Washington County, Arkansas Water Quality
Looking for the NWA Stormwater Education Page? Click here.
The Extension's Water Connections is a collaboration between KUAF and the University of Arkansas Division of Agriculture Cooperative Extension Service to recognize National Water Quality Month in August. Listeners tuned in each weekday at 6:31 and 8:31am during the noon edition of Ozarks at Large and at 3:18 and 5:18pm for a look at what your household and community can do to protect this increasingly significant natural resource...the water of the Ozarks.
Listen to archived episodes and tune into KUAF 91.3 each weekday in August for a look at local water resources and what you can do to protect water quality in the Ozarks.
Follow @CleanWaterNWA on Twitter for the latest news!
Watch Our Clean Water Video Podcasts
The Clean Water Podcasts are a series of 2 to 4 minute educational videos that inform viewers about clean water protection and pollution prevention.
You can also view videos on our YouTube Channel CleanWater@UAEX
Water Quality Infographics
Riparian Buffer Infographic (click image to view)
Riparian buffers are designated areas along streams or rivers that host diverse vegetation, help slow runoff, capture nutrients and sediment, and protect stream banks from erosion. Riparian areas may be categorized by their function or location. Examples include grass or vegetative buffers, zoned buffers, wildlife buffers, urban buffers, and naturalized buffers. Riparian buffers may range in width from the immediate stream side to several hundred feet. The vegetation may feature grass, shrubs, trees, or ideally, a diverse mixture of plant types. This vegetation helps stabilize stream banks, slow and capture runoff, filter pollutants, provide food and habitat, and regulate stream temperature. Riparian buffers provide many public benefits and value to landowners by protecting water resources, providing wildlife corridors, and keeping natural, stream-side areas visually appealing.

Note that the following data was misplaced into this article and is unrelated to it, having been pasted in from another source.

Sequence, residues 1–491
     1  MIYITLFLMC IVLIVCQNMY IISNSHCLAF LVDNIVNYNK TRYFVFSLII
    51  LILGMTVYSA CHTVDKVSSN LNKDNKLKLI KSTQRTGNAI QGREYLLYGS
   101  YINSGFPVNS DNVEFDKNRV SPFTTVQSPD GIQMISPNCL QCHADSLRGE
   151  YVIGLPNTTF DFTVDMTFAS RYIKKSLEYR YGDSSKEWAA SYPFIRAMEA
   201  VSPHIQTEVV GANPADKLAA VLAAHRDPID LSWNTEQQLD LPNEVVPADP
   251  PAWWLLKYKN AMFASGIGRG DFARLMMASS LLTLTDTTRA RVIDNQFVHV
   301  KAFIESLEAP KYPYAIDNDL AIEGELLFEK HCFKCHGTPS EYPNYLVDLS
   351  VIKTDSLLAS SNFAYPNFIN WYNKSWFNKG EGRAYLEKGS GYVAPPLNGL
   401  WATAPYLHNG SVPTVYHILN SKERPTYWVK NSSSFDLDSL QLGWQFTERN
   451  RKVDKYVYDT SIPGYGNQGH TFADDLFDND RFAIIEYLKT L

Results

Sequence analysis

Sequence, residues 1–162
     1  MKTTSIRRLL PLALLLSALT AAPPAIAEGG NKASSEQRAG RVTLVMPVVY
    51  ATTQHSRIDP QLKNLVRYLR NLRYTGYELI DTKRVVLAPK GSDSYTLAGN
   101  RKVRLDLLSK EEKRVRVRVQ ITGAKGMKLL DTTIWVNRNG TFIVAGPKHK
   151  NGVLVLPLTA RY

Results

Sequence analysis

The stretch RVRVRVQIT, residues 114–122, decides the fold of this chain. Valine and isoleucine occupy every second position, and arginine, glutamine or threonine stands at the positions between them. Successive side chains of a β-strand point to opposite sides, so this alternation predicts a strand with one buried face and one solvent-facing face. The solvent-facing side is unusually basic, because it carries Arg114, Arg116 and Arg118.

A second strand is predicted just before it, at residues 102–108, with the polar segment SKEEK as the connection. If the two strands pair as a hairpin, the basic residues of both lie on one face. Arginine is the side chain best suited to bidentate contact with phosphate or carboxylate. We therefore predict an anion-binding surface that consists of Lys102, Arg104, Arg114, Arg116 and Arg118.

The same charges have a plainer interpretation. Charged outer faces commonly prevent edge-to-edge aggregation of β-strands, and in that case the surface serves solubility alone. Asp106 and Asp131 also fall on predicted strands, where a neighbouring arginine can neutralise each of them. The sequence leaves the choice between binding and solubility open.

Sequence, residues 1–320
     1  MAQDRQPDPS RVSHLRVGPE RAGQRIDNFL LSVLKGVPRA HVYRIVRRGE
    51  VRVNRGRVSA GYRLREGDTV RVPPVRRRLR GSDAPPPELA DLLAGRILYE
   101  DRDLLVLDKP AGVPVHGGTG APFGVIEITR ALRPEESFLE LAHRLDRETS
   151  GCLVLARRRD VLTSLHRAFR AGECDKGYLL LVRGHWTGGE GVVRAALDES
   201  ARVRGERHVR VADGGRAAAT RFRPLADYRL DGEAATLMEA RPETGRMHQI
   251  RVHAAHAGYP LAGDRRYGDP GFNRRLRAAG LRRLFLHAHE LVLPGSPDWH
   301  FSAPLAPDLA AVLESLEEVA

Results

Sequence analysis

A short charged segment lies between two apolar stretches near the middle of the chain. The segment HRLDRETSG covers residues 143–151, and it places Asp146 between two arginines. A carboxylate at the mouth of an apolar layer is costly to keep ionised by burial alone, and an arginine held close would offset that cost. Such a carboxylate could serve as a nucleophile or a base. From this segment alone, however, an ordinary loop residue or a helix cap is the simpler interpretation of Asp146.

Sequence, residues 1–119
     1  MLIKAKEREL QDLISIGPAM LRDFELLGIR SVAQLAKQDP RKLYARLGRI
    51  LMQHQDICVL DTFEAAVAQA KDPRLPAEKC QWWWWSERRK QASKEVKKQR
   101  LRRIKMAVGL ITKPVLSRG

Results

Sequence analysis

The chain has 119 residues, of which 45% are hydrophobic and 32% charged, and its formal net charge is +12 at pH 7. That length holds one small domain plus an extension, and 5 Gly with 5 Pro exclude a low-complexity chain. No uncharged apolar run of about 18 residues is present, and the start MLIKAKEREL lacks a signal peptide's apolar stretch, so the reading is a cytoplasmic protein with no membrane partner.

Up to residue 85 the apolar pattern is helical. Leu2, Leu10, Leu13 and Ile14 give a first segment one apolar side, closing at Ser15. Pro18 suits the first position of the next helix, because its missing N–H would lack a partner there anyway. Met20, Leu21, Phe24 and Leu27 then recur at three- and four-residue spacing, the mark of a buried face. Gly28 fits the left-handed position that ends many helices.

Yard Waste Infographic (click image to view)
If yard waste such as grass clippings and leaves enters our storm drains, it flows untreated directly to creeks, streams, and lakes. As yard waste breaks down, nutrients that are released can lead to water pollution. High levels of nutrients create more food for plants. In water, this plant food increases algae growth.
High levels of algae growth, called blooms, decrease oxygen in the water. Without oxygen fish and other aquatic animals can’t survive and recreational activities may decrease.
You can stop yard waste from ever entering a storm drain or waterway with the following practices:
Compost your yard waste into rich humus and reuse in your landscaping and gardening.
Grasscycle - Simply leave your grass clippings on your lawn to return nutrients and moisture back to your soil.
Rake, sweep or blow leaves and grass back onto your lawn.
Keep yard waste off the streets, sidewalks, and driveways, and gutters.
Properly dispose of your yard waste. Find out if your city or county provides pick-up or drop-off locations for yard waste.